The Story of a Humanist Church

The Blue Book or The Story of a Humanist Church

A Short History of The Fellowship of Humanity With Contributions by Members 1971

Edited by

J. Arthur Ragsdale


▬  J. Arthur Ragsdale

History is the story of man, told by man himself. Man makes his own history. But he does not make it from the "whole cloth," to quote the phrase of a famous writer. He makes it from the materials at hand. Is history an exact science? The answer must be no because of so many subjective factors which enter into its making. But it is possible to study history by use of the scientific method, by which means a certain law or tendency may be observed, which explains, on a long timescale, the development of the course of history.

Corliss Lamont in his recent book entitled Freedom of Choice Affirmed, asserts that man is free to make a choice in any given situation. However, Lamont qualifies this statement by saying that the choice is free within certain limits. What are these limits? These limits are made up of the entire social and natural environment in which any given individual had his origins, plus his inherited physical and mental capabilities. His choices are made, and his will is exercised and directed because of and by means of these background factors. Since each individual has had a different life experience, his will is formed accordingly. However, it may be observed that large numbers of individuals who find themselves in the same social environment are constrained thereby to form judgments and make choices according to their needs, and thus at certain periods of history, the collective will of a certain social class may be opposed to that of another class.

To sum up, history is the resultant of the clash of innumerable wills, both of individuals and of social classes. The Fellowship of Humanity is an example of how history is determined by this process. The following pages will illustrate how this came about.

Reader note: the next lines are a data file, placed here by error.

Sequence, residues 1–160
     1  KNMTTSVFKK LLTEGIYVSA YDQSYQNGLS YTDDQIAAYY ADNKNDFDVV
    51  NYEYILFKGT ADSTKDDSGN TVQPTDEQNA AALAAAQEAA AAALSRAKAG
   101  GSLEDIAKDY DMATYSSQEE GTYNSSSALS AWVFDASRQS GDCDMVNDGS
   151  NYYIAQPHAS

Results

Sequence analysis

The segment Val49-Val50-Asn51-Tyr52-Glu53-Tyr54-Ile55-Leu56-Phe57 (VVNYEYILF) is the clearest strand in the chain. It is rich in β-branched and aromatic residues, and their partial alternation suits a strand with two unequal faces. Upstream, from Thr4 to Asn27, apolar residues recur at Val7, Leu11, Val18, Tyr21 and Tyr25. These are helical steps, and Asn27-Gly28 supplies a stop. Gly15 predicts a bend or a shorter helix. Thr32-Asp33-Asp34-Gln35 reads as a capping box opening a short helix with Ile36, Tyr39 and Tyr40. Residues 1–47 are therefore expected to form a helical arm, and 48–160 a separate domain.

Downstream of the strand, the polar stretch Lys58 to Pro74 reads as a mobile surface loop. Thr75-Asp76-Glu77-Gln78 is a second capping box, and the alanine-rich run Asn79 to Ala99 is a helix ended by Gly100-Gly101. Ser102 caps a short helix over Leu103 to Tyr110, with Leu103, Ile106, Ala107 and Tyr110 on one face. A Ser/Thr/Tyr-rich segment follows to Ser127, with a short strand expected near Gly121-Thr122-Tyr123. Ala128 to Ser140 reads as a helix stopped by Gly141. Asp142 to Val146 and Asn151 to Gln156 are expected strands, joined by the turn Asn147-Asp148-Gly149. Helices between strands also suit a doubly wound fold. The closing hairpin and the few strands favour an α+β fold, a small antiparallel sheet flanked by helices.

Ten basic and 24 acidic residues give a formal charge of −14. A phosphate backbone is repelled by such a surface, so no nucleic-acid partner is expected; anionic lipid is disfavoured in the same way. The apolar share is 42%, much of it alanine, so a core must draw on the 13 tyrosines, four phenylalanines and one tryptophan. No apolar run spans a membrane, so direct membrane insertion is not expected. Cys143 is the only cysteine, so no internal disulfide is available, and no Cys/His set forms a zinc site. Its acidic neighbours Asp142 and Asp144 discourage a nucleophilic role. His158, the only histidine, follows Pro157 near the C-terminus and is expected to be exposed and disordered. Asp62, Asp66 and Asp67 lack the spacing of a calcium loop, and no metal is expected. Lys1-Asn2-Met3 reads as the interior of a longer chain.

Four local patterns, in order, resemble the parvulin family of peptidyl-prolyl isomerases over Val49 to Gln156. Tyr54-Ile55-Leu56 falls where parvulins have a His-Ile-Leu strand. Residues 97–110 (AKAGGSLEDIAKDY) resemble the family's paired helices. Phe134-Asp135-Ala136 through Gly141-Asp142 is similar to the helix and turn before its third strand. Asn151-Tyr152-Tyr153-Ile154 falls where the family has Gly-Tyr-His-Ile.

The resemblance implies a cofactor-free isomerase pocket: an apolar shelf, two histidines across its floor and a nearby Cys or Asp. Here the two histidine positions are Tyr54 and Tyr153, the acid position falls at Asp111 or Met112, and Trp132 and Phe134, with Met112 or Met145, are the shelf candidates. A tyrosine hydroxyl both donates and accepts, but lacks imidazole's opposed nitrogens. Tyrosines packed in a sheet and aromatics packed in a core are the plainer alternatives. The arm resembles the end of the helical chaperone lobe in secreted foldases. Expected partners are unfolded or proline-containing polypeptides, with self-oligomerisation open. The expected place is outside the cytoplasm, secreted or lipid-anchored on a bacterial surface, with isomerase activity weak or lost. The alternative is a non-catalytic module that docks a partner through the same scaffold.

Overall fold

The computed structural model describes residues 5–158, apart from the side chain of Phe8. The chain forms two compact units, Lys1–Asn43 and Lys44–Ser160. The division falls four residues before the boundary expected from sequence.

A Short History of The

Fellowship of Humanity

▬ J. Arthur Ragsdale

If one should take a stroll along the south side of 28th Street, between Telegraph Avenue and Webster Street, in the City of Oakland, one will notice a large garden, with trees of several varieties, most prominent of which are a number of live oaks, natives of the soil of Oakland, California. Toward the rear of this garden is seen a small building, over the entrance of which are inscribed the words, “Fellowship Center.” This has been the home of an organization, unique in the annals of American Humanism, since August 4, 1941. Its name is The Fellowship of Humanity.

The origins of The Fellowship of Humanity can hardly be explained without some description of the social environment that gave birth to it. It was the year 1934. Franklin Roosevelt had been elected President two years previously. Many millions of people were out of work; some of them since 1929, the year of the stock market crash, which was followed by the Great Depression. Thousands of people roamed around the country, going from state to state, looking for work. But there were no jobs to be had. Banks failed, and industry came to a standstill. A large savings and loan company in San Francisco was forced into bankruptcy because some of its biggest borrowers, large hotels and restaurants, up and down the state, could make no payments on their loans. The loan company foreclosed the mortgages and tried to operate these “frozen assets” directly, but this also proved to be a failure as there was insufficient public patronage to sustain the offered services.

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  • A.D. Faupell 1935-1944
  • E.O. Corson 1944-1948
  • A.R. Mueller 1948-1950
  • Walter F. Kennon 1950-1966
  • J. Arthur Ragsdale 1966-1970
  • William Creque 1970-1972
  • Jake Price 1972
  • Oiva Nurmela 1980
  • Rey King 1990
  • Walter Springer 1992-1994
  • LeRue Grim 1994-1997
  • Walter Springer 1997-2001
  • Rowland Hill 2001-2003
  • Charley Gary 2003-2004
  • Florence Windall 2004-2010
  • David A. Oertel 2010-2020
  • Carlos A. Lomeli 2021-present